Even though no rights were sought or granted to Turnpike Express to interchange freight originating or destined beyond its original territory, nevertheless, this limited interchange privilege was supplemental to and enlarged its original operating rights and therefore requires substantial evidence to support its certification. Zurcher v. Pennsylvania Public Utility Commission,
[ 180 Pa. Super. Page 628]
supra; Lancaster Transportation Co. v. Pennsylvania Public Utility Commission, supra. Section 202(b) of the Public Utility Law of May 28, 1937, P.L. 1053, Art. II, Sec. 202(b), 66 PS § 1122 (b).
We have thoroughly examined this record and we are of the opinion that the evidence lacks the substance necessary to support the certification of the interchange rights.
The testimony in support of the application was in substance as follows:
One of the co-partners of Turnpike Express, testified that Turnpike Express had been tendered and accepted interchange shipments at Greensburg by three other motor carriers for over-the-road shipment to Philadelphia, and that at least four carriers in the Philadelphia area had tendered shipments for carriage to the Pittsburgh terminal. Turnpike Express has also turned over to local carriers, for local delivery, a number of shipments at both the Philadelphia and Pittsburgh terminals after Turnpike Express had carried them to its terminals. He testified that small shipments destined for outlying points in the terminal areas would, for economic reasons, accumulate in the terminal until there are a sufficient number to warrant delivery, if they could not be turned over to local carriers for earlier delivery.
In further support of the application, Turnpike Express relied upon the testimony of two representatives from local carriers in the Pittsburgh area and two representatives from local carriers in the Philadelphia area. Their testimony was essentially the same. They have been interchanging freight with Turnpike Express almost since the time of Turnpike's original certification, in some instances because the shipper routed the shipment for over-the-road carriage by Turnpike, and on other occasions without shipper request.
[ 180 Pa. Super. Page 629]
All four of the local carrier representatives further testified that they had no complaint as to the interchange service of the other over-the-road carriers operating in the same area as Turnpike Express, that they used such interchange service and that it was satisfactory. In short, they were supporting this application not because the existing service was unsatisfactory but because they wished to honor the routings given by shippers and because it would be a convenience to their companies to so interchange. They were also desirous of handling local delivery business which Turnpike Express would turn over to them. None of these witnesses purported to be authorized to testify on behalf of the shippers they served and none testified to any reason why the shippers routed the shipments through Turnpike Ekxpress. No shipper testified.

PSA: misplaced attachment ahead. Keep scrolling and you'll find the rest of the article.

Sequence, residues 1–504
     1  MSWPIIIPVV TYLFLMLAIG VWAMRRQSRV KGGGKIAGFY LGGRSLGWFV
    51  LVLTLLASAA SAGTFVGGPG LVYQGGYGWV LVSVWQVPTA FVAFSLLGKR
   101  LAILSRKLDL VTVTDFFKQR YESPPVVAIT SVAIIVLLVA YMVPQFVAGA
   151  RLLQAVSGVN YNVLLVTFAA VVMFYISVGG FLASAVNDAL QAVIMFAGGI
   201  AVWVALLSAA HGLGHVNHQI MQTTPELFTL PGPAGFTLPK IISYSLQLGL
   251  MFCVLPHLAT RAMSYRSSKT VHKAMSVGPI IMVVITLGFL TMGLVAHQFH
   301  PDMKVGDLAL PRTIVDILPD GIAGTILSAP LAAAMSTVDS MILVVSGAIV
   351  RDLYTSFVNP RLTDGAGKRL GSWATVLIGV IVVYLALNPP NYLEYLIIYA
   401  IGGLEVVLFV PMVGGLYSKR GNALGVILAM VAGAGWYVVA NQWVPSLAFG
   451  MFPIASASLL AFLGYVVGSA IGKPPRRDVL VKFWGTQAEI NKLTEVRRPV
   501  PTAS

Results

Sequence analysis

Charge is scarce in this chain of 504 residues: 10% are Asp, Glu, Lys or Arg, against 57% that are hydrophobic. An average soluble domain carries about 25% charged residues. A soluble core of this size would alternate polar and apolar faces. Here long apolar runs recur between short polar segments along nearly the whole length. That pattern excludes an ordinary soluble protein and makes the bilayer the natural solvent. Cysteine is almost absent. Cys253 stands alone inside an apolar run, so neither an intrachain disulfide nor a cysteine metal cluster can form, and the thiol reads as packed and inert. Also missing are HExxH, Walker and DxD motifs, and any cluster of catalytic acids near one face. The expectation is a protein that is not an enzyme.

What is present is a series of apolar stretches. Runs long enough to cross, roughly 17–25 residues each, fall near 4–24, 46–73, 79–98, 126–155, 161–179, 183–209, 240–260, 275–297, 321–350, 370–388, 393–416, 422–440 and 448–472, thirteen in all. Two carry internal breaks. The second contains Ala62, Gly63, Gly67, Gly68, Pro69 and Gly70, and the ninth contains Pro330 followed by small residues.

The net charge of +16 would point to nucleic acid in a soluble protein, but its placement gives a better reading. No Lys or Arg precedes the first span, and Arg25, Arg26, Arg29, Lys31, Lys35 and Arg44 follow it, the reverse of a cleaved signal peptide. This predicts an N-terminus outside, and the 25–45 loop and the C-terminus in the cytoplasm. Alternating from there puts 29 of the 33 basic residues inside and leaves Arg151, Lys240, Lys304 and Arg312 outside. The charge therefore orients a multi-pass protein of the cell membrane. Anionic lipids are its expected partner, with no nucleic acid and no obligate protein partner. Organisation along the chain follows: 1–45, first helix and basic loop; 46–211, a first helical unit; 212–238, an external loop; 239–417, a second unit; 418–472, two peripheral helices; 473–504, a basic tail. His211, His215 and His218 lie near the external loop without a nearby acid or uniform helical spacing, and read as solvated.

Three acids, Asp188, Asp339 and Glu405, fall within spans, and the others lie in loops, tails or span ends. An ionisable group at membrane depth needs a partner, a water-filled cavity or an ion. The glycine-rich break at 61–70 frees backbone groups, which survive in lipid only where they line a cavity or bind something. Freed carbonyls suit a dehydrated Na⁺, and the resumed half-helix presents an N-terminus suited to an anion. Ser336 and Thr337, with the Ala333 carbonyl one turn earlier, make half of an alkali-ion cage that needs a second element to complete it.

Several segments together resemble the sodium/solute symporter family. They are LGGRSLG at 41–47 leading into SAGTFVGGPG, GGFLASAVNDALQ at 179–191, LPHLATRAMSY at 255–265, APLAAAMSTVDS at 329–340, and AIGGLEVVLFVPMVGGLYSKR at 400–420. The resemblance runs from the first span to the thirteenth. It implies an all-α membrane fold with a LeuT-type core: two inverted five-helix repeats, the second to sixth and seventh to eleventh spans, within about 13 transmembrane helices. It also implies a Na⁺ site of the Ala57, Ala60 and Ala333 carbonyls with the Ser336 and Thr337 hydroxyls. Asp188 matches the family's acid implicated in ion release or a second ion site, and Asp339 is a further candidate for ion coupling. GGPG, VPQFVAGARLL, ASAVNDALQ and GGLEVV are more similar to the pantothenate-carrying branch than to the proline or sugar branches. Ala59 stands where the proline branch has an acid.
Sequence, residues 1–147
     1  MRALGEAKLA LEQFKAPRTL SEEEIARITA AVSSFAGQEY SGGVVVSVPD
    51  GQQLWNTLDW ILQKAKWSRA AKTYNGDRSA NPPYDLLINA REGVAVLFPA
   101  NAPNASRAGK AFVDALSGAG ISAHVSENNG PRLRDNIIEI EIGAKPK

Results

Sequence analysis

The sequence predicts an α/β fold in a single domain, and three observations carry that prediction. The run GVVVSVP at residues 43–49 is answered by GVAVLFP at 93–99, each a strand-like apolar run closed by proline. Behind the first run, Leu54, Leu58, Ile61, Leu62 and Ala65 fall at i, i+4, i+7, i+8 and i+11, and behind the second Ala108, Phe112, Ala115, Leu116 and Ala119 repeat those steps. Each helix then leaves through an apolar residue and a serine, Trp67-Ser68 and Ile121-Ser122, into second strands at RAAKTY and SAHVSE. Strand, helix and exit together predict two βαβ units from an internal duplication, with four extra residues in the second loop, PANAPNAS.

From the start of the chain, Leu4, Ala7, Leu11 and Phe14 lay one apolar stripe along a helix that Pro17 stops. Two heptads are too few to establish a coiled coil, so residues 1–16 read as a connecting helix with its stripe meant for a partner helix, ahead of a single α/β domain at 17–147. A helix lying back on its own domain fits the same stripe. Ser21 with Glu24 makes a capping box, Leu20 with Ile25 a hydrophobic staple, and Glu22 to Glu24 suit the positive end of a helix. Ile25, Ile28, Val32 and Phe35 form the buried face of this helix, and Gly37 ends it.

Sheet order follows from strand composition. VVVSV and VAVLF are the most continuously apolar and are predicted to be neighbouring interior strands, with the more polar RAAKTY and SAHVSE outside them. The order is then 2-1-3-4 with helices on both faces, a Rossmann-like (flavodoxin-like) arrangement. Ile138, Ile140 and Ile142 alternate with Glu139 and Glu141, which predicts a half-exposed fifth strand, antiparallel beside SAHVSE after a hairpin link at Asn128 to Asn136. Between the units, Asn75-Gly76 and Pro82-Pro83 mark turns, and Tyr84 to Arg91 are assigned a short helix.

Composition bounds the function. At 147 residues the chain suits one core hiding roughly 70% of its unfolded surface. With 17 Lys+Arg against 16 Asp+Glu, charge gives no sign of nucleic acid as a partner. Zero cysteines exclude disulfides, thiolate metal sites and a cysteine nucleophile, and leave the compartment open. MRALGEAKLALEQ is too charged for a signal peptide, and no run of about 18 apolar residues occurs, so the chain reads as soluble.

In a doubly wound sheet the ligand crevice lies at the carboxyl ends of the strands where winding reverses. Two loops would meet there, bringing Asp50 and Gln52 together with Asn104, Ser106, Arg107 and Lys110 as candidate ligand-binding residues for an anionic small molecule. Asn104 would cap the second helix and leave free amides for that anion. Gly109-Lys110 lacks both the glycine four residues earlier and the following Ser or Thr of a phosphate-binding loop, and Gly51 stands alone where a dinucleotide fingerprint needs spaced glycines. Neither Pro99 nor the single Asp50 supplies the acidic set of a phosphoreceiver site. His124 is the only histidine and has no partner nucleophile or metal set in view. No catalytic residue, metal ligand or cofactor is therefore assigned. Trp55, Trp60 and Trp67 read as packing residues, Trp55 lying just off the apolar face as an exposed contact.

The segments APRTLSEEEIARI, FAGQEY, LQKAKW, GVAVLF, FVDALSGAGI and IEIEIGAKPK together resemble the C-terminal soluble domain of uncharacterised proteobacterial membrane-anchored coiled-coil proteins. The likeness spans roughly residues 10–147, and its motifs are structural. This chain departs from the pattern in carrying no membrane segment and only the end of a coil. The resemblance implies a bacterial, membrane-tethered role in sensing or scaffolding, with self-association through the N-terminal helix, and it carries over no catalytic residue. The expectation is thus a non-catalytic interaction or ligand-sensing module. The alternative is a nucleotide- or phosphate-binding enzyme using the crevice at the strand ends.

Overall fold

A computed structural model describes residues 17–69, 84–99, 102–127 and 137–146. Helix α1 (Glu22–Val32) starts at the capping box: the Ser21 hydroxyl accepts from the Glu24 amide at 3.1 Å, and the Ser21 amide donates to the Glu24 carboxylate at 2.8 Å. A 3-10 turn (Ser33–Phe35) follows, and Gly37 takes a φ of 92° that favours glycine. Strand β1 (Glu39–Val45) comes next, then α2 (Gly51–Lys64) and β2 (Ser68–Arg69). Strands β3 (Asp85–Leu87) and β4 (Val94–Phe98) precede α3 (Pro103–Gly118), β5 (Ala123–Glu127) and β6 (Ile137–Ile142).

The burden upon Turnpike Express was not so strict as to require a showing that the additional rights were absolutely necessary, Pittsburgh & Lake Erie Railroad Co. v. Pennsylvania Public Utility Commission, supra, nor that there was a present demand for the service in every point in its territory; but it was incumbent upon Turnpike Express to show that the necessity existed within the area generally served and that such service was reasonably necessary for accommodation or convenience of the public. Zurcher v. Pennsylvania Public Utility Commission, supra. Among the recognized methods of indicating this public necessity is to show the inadequacy of the existing service, Kulp v. Pennsylvania Public Utility Commission, 153 Pa. Superior Ct. 379, 382, 33 A.2d 724 (1943). Unfortunately for applicant's position its own witnesses testified that the existing service was satisfactory, and that they had no complaints concerning it. The testimony of the four local carrier witnesses in the main established only an occasional actual shipper request
[ 180 Pa. Super. Page 630]
for the services of applicant, the bulk of their concern being the convenience and mutual profit which they would gain by opening up these general interchange rights with Turnpike Express within their respective areas. One Pittsburgh area carrier witness stated that some requests had been made, but admitted that interchange with Turnpike Express was begun at the latter's instance, not at the request of a shipper. The actual routing requests via Turnpike Express were isolated instances, the bulk of which originated in a very small number of shippers. The evidence here reasonably leads only to the conclusion that in a few isolated instances, arising from but a handful of shippers, there have been shipper requests for local interchange with Turnpike Express. Taken as a whole, the evidence establishes that existing service is adequate and that except for these few requests, the interchange rights were sought and supported for the convenience and economic remuneration of applicant and its proposed local interchange carriers. While economy and convenience of the carrier are matters which the Commission may consider, Alko Express Lines v. Pennsylvania Public Utility Commission, 152 Pa. Superior Ct. 27, 32, 30 A.2d 440; Garner v. Pennsylvania Public Utility Commission, supra, the interest of the public, not the carrier is of primary consideration. Perry County Telephone & Telegraph Co. v. Public Service Commission, 265 Pa. 274, 281, 108 A. 659 (1919); Modern Transfer Co. v. Pennsylvania Public Utility Commission, supra, 139 Pa. Superior Ct. 197.
Where a carrier receives original rights based, at least in part, on his allegation that interchange of other carriers delayed service, and only four months thereafter seeks the right to do the very thing that he said caused delay in shipments by existing carriers, it seems to us that its application for interchange should not be
[ 180 Pa. Super. Page 631]
granted without more substantial evidence of the public's need for such convenience than is present in the instant record.
The order of the Commission is reversed at the cost of intervening appellee.